Letting the songs come out
EDGE: I thought the 'Money' song by Berry Gordy was an interesting choice, and you attacked it ferociously. What made you choose it?
Marcus Simeone: [Laughs.] In the new show, I'm going to do a song I used to do called 'Life is Just a Bowl of Cherries.' I say, 'That was then, this is now!' My theory on money is this: The truth is when people say, 'Oh Kevin, money isn't everything,' usually the people who say that have it. And if we go by Maslow's hierarchy of needs, we need it for shelter, for food, for medical treatment. You can't not have any money. Having worked for years as a social worker, I've seen a lot of starving children. Or AIDS patients who couldn't get medicine before ADAP. It's really about understanding that money doesn't make the core of you shine any brighter . . . but it can help!
EDGE: And you bring an edge to it, as if to say it's okay to be angry about it. [Pause.] You continue to broaden your artistic palette with songwriting. Do you write lyrics or music?
Marcus Simeone: Both. To tell you the truth, I've written about two hundred songs.
EDGE: Wow, I thought songwriting was a new thing for you!
Marcus Simeone: I'm kind of letting them come out. Tracy Stark is a good writing partner, we bring good things out of each other. The night we won Best Song for 'Haunted' at the MAC Awards, she looked at me and said, 'I've been trying to win a songwriting award for so long, and now I won one with you.' I think we bring an edge to each other. She wrote the music based on my lyrics. She's a good partner for me.
EDGE: Does it come easily to you?
Marcus Simeone: Songwriting is like this. You can't sit down and say, 'I'm going to write today.' You're on a train and suddenly something comes to you. And it flows and it flows and you go, 'Where is my phone?' And you start texting yourself so you won't forget it. They just come out.
EDGE: As a singer, you can't be pigeon-holed. I think you gravitate toward ballads, but you can do a little jazz, gospel, show tunes, rock. What grabs you about a song?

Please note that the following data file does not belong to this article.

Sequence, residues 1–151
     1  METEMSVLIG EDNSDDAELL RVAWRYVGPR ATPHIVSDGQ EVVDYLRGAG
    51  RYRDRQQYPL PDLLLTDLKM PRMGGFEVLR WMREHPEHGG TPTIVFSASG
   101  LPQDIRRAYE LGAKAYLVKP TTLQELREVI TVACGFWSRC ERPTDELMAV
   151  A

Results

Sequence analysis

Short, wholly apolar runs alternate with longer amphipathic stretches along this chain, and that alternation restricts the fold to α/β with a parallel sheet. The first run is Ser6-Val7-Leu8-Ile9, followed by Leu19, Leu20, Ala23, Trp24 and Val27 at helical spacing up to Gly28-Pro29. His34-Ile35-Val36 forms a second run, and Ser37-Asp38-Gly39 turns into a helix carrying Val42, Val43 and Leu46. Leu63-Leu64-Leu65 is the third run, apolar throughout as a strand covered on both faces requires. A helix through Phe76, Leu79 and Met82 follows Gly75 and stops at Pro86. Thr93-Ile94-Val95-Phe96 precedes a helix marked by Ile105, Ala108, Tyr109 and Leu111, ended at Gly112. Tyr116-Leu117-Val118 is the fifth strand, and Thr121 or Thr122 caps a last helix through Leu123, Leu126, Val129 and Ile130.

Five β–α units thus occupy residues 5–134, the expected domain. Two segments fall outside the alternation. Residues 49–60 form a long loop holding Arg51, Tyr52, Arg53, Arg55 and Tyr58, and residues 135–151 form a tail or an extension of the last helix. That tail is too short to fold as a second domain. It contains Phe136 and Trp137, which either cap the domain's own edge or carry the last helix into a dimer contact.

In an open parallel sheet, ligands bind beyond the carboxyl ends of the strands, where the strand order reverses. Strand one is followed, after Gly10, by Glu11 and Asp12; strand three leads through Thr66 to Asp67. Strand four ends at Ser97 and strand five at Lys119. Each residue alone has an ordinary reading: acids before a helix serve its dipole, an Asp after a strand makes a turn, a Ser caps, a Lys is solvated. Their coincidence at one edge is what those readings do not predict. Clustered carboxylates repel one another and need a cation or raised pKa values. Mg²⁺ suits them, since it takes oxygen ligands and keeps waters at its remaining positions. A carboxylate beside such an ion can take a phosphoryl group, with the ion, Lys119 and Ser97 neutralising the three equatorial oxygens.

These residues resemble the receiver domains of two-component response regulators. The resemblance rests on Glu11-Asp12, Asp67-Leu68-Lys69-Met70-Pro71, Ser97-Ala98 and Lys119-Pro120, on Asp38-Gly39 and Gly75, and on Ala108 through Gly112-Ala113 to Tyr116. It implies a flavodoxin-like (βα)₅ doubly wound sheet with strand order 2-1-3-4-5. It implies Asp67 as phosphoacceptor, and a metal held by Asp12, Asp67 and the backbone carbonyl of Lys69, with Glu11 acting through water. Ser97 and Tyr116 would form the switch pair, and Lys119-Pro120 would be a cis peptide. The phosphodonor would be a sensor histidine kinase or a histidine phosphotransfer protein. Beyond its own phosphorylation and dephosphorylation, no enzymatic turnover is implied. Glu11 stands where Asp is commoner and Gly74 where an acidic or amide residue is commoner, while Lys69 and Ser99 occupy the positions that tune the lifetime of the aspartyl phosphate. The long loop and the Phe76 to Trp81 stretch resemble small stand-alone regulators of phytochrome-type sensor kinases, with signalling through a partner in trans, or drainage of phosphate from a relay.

Marcus Simeone: Honestly, for me because I'm a singer and not a speaker, it has to be the melody and music first. I won't bother to listen to the lyric if the melody doesn't grab me. Then you have to determine if the lyric is worth singing. That's why good songs are so hard to come by. It's not easy.
EDGE: If you had to finish the 'The Truth About . . .' what would you say?
Marcus Simeone: Interesting. I have two answers. One is, on a broader spectrum, life, love, and the universe. But because I feel it's even a little deeper than 'Haunted,' I'd have to say it's just the truth about Marcus.
EDGE: So what can we expect from the show?
Marcus Simeone: It's going to be an eclectic mix. Six or seven tunes from the new CD. I'll open with 'You' and then go into 'I Could Have Been a Sailor' and then we're going to hit you with 'I Ain't Been Licked.' It's probably going to be my most personal show. I'm always a little edgy, a little bit on a soapbox, but I think music should do that to us, help us to get to know who we are. It's not what you say, it's what you do in life. Music allows you the capability to see how people will react.
Marcus Simeone will appear at Don't Tell Mama on September 20, October 5, October 18, and additional dates in November and December. For more information, go to www.donttellmamanyc.com or www.marcussimeone.com.